Why a ‘Green Flying Duty’ is vital to combat climate change

(The Independent, 16 Aug 2019) ‘All of us need to fly less, stay longer, and be encouraged towards greener, more sustainable transport’.

In one of her final acts as prime minister, and likely with an eye on her legacy, Theresa May committed the UK to net zero carbon emissions by 2050. It’s proof that politicians are finally starting to engage with the realities around climate change, and is to be welcomed. But this commitment doesn’t go far enough. 

For any carbon reduction plan to be successful, it needs to include the global aviation industry, which if it were a country would be the seventh largest CO2 emitter in the world.

Aviation was able to avoid inclusion in individual states’ action plans under the Kyoto Protocol and Paris Climate Agreement, but with air travel now one of the fastest-growing contributors to greenhouse gas emissions, according to the World Health Organisation, the industry cannot escape the spotlight any longer.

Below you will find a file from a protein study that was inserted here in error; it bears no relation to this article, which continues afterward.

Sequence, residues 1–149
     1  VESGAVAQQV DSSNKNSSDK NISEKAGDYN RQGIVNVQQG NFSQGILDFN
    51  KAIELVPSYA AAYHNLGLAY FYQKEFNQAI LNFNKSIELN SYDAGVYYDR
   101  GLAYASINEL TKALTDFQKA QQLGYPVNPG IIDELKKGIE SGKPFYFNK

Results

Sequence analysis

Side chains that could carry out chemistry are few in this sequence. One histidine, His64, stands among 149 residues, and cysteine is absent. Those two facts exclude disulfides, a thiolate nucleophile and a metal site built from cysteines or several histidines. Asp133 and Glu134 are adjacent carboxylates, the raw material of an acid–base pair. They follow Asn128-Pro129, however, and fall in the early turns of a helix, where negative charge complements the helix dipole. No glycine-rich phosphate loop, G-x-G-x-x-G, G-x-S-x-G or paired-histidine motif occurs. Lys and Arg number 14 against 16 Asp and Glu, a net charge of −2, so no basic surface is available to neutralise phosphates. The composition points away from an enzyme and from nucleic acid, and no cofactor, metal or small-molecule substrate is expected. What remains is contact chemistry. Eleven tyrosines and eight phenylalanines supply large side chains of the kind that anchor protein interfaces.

Cheap flights and hidden costs

Over the last few decades, we’ve become used to being able to jet off around the world at short notice, in some cases at ludicrously little cost: Rome, for the price of a couple of pizzas and a bottle of average wine? The cheap flights that drive demand for air travel are no miracle though. They exist as a direct result of the huge tax breaks on international aviation fuel enjoyed by airlines. Not all of us fly, but we all pay.

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The Independent, 16 Aug 2019: Why a ‘Green Flying Duty’ is vital to combat climate change